And then it was over. Following two shows at Leeds First Direct Arena, rumours began to fly about The Roses split following a supposed leak sharing news that Hampden Park was to be the band’s last ever gig. Soon after, fans began to post pictures from signings telling us that the band themselves had confirmed this was it for The Roses and before long it seemed set in stone. After an amazing gig at Hampden Park Ian dropped the final comment that solidified to so many the conclusion of the band: “Don’t be sad that it’s over, be happy it happened”. This was it, arena tours, new tracks and generational crossovers finished with a single line. However the lack of official announcement following this obvious finale begs the question, is this just another hiatus? Could there be a third coming?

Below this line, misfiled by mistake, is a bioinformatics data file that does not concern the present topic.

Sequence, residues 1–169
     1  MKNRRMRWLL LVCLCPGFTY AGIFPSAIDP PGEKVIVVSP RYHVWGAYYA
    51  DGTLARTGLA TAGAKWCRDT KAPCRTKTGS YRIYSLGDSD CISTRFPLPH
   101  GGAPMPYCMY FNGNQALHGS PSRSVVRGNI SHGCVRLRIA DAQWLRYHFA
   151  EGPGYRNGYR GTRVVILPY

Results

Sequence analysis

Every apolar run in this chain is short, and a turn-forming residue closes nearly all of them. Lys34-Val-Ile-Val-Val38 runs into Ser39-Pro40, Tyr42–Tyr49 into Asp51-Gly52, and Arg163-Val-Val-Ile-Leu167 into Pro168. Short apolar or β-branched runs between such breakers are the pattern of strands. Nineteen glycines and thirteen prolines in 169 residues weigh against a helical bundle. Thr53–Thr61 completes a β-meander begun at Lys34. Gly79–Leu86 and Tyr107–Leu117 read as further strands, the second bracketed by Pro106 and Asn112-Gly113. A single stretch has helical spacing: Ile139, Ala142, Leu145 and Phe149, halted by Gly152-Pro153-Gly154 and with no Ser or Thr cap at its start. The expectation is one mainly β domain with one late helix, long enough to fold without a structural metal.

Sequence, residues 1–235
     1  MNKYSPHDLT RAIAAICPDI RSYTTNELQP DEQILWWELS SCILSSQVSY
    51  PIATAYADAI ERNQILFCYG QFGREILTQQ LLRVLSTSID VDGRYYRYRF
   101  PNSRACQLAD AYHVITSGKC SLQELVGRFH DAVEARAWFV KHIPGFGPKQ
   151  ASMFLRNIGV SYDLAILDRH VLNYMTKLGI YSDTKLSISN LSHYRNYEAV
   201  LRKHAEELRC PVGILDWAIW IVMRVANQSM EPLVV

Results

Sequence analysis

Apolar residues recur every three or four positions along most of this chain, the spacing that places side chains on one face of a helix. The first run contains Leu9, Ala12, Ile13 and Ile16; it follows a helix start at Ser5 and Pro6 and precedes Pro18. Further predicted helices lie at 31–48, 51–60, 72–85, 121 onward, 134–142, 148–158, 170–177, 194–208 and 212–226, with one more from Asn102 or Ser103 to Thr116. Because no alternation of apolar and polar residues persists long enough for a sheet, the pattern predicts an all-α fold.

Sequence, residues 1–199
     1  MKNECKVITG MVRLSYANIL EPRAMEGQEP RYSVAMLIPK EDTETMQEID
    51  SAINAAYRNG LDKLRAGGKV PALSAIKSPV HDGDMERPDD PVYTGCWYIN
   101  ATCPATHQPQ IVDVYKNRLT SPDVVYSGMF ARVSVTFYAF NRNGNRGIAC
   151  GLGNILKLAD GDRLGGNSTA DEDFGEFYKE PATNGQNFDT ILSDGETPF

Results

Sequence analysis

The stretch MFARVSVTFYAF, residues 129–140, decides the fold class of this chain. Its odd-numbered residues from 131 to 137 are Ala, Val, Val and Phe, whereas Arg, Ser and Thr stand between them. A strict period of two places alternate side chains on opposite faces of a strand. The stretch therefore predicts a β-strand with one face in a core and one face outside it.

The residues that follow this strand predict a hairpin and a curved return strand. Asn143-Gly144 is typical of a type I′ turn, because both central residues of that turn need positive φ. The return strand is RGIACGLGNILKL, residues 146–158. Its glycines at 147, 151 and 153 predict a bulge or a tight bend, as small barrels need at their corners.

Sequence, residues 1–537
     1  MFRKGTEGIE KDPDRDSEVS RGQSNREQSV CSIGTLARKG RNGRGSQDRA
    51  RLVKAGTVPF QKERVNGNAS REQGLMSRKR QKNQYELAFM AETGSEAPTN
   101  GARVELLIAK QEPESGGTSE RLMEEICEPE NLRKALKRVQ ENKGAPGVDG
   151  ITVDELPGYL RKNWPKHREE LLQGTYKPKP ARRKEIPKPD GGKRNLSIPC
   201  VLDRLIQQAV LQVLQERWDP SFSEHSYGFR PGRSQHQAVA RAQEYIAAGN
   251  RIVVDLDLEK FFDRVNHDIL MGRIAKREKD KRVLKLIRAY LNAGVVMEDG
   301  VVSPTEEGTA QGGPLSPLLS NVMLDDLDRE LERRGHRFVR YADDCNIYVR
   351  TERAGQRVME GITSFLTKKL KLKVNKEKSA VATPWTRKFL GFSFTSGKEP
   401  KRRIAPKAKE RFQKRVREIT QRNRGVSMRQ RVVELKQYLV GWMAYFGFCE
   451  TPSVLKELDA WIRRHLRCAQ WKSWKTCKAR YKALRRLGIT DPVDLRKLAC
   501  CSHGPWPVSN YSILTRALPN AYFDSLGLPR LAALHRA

And would we even want it? It has become a point of contention for fans of the band, across fan pages and forums as to whether it all lived up to the hype. Whether the band that we never thought could have reformed ever should have done. And in conclusion I think so. This reunion has offered me and the rest of my generation the chance we never had, the opportunity to see The Stone Roses live, to be a part of the cultural phenomenon that you can’t put into words, to feel the spirituality of The Roses. The band were always on top form performing setlists of golden material and releasing two songs, both of which are excellent for seemingly juxtaposed reasons, one a rollicking call for peace, the other a slower jam questioning the psychedelia of relationships and society. I have seen it argued that this was a nostalgia trip, a chance for fans to hear their favourite tracks and nothing more but I then ask: in this age of political turmoil and oppression, what could be more uplifting than the chance for so many of us to share in our celebration of something we love? And this return has given us that, it has provided us with unity in a time where that seems so far away and has brought us all together in a way nobody but The Stone Roses can and whether they continue or not their music is forever immortal.